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FDA Clears A.I. Software Detecting Diabetic Eye Disease

Fundus photograph

Fundus photograph of a healthy right eye (OptometrusPrime, wikimedia Commons)

11 April 2018. The Food and Drug Administration authorized a system for detecting diabetic retinopathy, a condition threatening the vision of people with diabetes, that uses artificial intelligence to analyze images of patients’ retinas. The system known as IDx-DR is a product of the company IDx LLC, in Coralville, Iowa, that developed the technology with University of Iowa.

High levels of blood sugar can cause serious complications in people with diabetes, including vision problems. Among these issues is damage to the fine blood vessels in the retina, located in the back of the eye that detects and converts light to signals sent through the optic nerve to the brain. Diabetic retinopathy is the name given to this condition that can range from mild leakage in the eye to swelling and distortion of the blood vessels, and proliferation of new blood vessels to compensate for the damage.

One consequence of this damage is swelling in the macula, the part of the retina that provides the sharpest vision, a disorder known as diabetic macular edema. Other outcomes include cataracts, glaucoma, or permanent vision loss if the retina detaches from the eye. Centers for Disease Control and Prevention says diabetes is the leading cause of new blindness among adults in the U.S. age 20 to 74. CDC estimates 4.1 million people have diabetic retinopathy, including 899,000 individuals with advanced stages of the condition threatening their vision.

The IDx-DR system analyzes images of patients’ retinas taken by a specialized fundus camera that provides high-resolution color medical images of the eyes. The images are stored on a local system and uploaded to a cloud-based server where IDx-DR software analyzes the images, and according to the company returns results in one minute or less. The analysis is based on algorithms the company says combine image analysis and deep learning that first assess image quality, then inspect for lesions and location of irregularities in the retina, resulting in an assessment of diabetic retinopathy. Assuming images of sufficient quality, IDx-DR either returns a positive result for moderate or more severe diabetic retinopathy, or a mild case of the condition, calling for a retest in one year.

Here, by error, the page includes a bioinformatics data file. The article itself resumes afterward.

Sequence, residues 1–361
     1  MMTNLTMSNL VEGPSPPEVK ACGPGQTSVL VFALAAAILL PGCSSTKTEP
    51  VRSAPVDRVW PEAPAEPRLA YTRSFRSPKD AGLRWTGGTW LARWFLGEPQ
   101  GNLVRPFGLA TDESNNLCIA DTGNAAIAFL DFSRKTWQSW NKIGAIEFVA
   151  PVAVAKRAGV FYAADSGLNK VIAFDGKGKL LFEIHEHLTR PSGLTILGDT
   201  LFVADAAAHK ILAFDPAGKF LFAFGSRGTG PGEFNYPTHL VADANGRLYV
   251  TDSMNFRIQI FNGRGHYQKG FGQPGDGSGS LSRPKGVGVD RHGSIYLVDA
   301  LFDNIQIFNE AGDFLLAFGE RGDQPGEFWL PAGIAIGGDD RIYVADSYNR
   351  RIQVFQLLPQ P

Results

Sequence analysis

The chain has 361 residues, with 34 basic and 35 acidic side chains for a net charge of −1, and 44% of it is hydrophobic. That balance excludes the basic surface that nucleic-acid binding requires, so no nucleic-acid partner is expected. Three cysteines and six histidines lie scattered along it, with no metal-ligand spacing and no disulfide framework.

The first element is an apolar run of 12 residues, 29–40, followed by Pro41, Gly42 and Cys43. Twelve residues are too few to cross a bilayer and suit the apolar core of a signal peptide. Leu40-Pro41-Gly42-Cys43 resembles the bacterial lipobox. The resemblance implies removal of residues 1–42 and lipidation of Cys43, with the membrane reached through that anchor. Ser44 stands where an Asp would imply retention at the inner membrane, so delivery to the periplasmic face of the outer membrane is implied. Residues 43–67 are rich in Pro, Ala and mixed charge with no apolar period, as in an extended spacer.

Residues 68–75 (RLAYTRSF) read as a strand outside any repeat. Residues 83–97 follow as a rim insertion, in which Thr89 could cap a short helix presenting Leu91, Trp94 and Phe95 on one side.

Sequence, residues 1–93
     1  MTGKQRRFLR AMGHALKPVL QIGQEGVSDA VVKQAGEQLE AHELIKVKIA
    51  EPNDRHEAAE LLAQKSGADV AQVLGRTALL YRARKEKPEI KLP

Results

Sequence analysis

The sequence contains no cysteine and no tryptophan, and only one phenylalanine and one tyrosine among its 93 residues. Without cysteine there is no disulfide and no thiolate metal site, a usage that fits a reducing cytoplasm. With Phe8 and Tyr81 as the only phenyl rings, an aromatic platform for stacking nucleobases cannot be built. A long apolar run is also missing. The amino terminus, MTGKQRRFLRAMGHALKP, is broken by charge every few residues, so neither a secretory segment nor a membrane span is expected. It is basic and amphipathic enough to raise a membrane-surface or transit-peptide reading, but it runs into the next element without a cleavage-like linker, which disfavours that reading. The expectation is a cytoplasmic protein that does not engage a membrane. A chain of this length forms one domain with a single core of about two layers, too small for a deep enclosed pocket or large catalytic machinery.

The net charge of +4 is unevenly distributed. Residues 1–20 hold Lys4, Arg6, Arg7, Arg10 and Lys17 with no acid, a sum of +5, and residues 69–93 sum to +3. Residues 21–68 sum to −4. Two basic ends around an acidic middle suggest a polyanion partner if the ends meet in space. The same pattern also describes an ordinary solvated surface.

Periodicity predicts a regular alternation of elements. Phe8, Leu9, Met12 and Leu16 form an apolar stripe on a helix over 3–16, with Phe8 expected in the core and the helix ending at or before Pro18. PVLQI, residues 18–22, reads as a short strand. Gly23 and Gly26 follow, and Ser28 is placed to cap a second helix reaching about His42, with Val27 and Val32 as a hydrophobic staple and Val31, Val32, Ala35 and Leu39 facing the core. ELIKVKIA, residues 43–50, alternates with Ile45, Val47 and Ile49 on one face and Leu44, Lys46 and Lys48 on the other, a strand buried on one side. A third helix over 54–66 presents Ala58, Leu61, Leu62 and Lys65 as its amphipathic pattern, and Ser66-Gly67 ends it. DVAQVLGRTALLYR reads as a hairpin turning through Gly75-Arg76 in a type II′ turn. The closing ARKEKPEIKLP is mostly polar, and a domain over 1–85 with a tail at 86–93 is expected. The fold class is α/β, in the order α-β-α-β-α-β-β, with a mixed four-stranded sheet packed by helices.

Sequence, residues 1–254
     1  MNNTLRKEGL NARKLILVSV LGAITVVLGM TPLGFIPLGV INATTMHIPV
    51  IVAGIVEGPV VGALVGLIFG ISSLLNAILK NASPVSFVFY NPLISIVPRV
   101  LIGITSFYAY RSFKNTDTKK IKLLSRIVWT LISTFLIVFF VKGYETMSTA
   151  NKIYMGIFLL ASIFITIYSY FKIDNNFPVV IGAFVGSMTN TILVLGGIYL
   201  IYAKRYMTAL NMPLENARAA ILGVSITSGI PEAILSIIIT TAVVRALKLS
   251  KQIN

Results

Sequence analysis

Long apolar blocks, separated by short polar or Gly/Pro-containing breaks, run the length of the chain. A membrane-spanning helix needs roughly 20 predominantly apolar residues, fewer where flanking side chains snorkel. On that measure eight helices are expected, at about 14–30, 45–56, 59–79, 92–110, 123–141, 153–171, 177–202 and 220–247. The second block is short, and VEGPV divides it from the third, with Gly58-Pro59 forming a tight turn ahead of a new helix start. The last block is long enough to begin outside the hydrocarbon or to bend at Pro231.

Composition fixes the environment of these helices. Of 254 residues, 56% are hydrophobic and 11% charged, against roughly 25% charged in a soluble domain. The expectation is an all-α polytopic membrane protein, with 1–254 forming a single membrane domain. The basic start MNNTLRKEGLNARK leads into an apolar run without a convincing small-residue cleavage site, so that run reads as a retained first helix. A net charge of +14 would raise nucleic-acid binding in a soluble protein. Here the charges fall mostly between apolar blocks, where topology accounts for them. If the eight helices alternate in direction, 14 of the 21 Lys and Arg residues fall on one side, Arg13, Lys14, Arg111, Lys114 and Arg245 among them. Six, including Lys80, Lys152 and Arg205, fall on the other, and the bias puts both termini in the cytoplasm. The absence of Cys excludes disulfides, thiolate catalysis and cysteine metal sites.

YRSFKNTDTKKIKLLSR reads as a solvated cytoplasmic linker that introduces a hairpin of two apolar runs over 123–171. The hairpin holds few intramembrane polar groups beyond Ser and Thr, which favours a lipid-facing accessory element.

FDA’s clearance is based in part on results from a clinical trial where retinal images from 900 individuals with diabetes were analyzed by IDx-DR software, compared to the original professional diagnosis. The results show the system could accurately detect more than mild cases of diabetic retinopathy 87 percent of the time, and identify cases where individuals had mild or no diabetic retinopathy 90 percent of the time. FDA’s authorization applies only to detection of more than mild cases diabetic retinopathy, and not to other eye disorders. The agency previously gave the system a Breakthrough Device designation, a new program that gives expedited reviews for devices that offer more effective diagnostics or treatments, with no cleared or approved alternatives.

IDx-DR is designed  for detection of diabetic retinopathy by primary care clinicians rather than specialists. The system is an invention of Michael Abramoff, a practicing ophthalmologist who developed the system with clinicians, researchers, and engineers at the nearby University of Iowa.

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